The massive Equifax data breach, which could affect up to 143 million consumers in the U.S., has thrust data privacy into the spotlight once again.
Equifax confirmed the “cybersecurity incident” Thursday, noting that criminals exploited a U.S. website application vulnerability to gain access to certain files. The information accessed primarily includes names, Social Security numbers, birth dates, addresses and, in some instances, driver's license numbers, according to the credit reporting company.
Credit card numbers for approximately 209,000 U.S. consumers, and certain dispute documents with personal identifying information for approximately 182,000 U.S. consumers were also accessed in the attack.
"This is clearly a disappointing event for our company, and one that strikes at the heart of who we are and what we do. I apologize to consumers and our business customers for the concern and frustration this causes," said Equifax CEO Richard F. Smith, in a statement.
Security experts say that the full impact of the breach may not become apparent for some time. “At this stage it's difficult to determine the severity of the breach, but the scale is significant," explained Leigh-Anne Galloway, cyber security resilience lead at security specialist Positive Technologies, in a email to Fox News. “Attackers could potentially target high-value individuals with good credit ratings to borrow money fraudulently, or use that as a basis to assess the value of the stored card data.”
Security expert Graham Cluley also highlighted the seriousness of the breach, pointing to the sensitive information accessed. “This is why it's so serious when companies lose your personal identifiable information,” he wrote, in a blog post. “A password you can change, your personal details are probably going to always be the same - whether you like it or not.”
Equifax has set up a dedicated website to help consumers find out if their information has been impacted by the breach and to sign up for credit file monitoring and identity theft protection. Consumers, however, have to provide Equifax with their last name and the last six digits of their social security number to use the service.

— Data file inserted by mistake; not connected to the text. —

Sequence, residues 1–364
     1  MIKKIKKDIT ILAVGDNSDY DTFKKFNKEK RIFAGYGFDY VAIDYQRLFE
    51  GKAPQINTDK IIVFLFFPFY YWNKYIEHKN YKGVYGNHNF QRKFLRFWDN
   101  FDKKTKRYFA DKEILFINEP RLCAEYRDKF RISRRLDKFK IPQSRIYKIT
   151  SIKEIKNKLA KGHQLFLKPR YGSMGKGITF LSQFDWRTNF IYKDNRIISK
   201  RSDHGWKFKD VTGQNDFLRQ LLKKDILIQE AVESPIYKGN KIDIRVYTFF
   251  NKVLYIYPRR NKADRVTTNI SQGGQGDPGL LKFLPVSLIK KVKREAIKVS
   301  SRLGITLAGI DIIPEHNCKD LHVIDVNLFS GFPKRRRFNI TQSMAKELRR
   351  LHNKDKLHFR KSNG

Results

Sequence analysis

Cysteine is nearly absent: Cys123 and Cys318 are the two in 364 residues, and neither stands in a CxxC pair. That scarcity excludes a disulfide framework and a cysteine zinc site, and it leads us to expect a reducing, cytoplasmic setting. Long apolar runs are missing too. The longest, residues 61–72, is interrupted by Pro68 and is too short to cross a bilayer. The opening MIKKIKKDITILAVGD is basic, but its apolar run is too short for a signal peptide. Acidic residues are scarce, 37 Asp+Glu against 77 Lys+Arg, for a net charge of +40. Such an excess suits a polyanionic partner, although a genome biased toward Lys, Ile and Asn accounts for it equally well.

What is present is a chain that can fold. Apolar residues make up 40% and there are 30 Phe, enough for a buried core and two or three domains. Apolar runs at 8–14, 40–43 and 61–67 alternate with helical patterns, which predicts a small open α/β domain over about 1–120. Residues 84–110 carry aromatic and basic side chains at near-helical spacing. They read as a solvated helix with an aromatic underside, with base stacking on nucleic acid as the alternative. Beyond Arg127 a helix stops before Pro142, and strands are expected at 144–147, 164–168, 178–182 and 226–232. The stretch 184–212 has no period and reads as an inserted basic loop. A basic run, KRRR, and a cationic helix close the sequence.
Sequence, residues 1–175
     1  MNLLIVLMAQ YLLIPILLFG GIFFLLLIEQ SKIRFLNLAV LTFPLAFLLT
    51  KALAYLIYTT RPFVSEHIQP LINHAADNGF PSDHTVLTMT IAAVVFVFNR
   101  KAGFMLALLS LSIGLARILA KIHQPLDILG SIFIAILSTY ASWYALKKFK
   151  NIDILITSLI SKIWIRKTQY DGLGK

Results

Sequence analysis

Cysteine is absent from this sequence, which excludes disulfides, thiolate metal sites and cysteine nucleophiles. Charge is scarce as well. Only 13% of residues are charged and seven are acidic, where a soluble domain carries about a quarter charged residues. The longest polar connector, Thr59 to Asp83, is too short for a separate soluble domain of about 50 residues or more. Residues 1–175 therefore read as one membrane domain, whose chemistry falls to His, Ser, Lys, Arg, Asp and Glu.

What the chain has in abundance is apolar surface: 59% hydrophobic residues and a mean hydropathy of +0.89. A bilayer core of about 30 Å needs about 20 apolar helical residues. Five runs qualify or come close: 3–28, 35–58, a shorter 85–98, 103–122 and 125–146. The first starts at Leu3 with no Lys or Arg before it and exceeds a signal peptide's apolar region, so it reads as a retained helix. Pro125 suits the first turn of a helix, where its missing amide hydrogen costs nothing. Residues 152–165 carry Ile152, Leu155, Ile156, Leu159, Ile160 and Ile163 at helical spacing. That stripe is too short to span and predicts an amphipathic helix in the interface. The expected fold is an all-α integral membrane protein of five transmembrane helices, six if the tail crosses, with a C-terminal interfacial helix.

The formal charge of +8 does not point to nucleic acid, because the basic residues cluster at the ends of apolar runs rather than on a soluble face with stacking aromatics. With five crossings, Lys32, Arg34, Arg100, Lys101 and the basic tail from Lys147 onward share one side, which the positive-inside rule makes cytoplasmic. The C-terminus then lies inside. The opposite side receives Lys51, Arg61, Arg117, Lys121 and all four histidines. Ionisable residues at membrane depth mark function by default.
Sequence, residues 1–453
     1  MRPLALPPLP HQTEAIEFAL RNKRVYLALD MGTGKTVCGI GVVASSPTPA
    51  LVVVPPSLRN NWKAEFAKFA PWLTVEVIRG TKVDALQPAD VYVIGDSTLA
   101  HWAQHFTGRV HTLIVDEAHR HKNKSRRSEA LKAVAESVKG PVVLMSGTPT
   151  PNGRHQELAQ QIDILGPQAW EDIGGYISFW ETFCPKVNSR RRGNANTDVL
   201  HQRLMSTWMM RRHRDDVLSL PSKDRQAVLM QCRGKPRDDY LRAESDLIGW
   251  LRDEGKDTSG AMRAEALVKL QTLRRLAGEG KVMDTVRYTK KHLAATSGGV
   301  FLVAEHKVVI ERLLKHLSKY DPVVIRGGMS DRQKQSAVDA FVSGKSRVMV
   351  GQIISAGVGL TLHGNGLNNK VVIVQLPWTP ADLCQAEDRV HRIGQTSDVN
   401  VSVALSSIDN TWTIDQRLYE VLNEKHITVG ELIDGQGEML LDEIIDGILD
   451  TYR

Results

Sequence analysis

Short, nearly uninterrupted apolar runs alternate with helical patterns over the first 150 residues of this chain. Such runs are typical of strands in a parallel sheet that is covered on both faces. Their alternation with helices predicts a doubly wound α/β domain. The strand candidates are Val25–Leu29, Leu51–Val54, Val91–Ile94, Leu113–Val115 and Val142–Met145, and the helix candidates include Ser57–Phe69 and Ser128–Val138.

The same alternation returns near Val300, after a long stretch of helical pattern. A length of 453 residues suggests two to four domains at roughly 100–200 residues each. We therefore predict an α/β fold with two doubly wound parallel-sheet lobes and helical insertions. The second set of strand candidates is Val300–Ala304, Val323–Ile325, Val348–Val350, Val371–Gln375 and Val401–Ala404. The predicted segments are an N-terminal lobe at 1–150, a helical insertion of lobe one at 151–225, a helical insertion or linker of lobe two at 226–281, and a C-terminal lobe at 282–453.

Bill Mann, chief product officer at identity management specialist Centrify, noted that Equifax shares dipped 5 percent when news of the breach emerged. “The long-term impact will likely be greater, as this breach impacts millions of consumers who trust Equifax with their most personal information, and trust is at the core of their business,” he said, in a statement emailed to Fox News. “Based on its severity and the sheer numbers involved, a breach like this will displace consumer trust, and potentially wipe out additional value quickly.”
Equifax shares were down more than 15 percent in early trading Friday.
“It will take months or years for Equifax to recover – from both the impact on its stock and on consumers’ trust – and no doubt they’ll be learning from this for years,” added Ray Rothrock, CEO and Chairman of cybersecurity analytics specialist RedSeal, in a statement emailed to Fox News.
Equifax said Thursday that three executives at the firm who sold stock just after the discovery of the data breach were not aware of the incident at the time of the sale. The trio sold $1.8 million in stock, according to Bloomberg, which first reported the findings.
The Equifax incident is the latest in a string of high-profile data breaches. Last year, for example, Yahoo! confirmed that more than one billion customer accounts have been compromised in a massive data breach.
“The unfortunate Equifax breach is just another embodiment of the threat environment that organizations face every day – this is the new normal,” Dr. Richard Ford, chief scientist at security software specialist Forcepoint, wrote in an email to Fox News. “The rise of large scale data collection and aggregation has placed considerable pressure on organizations to preserve privacy while leveraging data for legitimate business purposes. The more sensitive the data the greater the liabilities caused by a breach.”
“Equifax’s breach is yet another data point (albeit a massive one) in the new reality of ‘continuously compromised’ organizations,” added Anthony Di Bello, senior director of products at Guidance Software. “Make no mistake about it: these breaches will continue to happen and make headlines.”
Research recently released by Guidance Software found that one in four businesses suffered direct financial losses due to a cyber attack in the past year. The survey of 330 IT professionals in North America found that almost two-thirds had fallen victim
to malware-related breaches.
In its statement, Equifax said that it has engaged an independent cybersecurity firm to conduct an assessment and provide recommendations on how to avoid another data breach incident.
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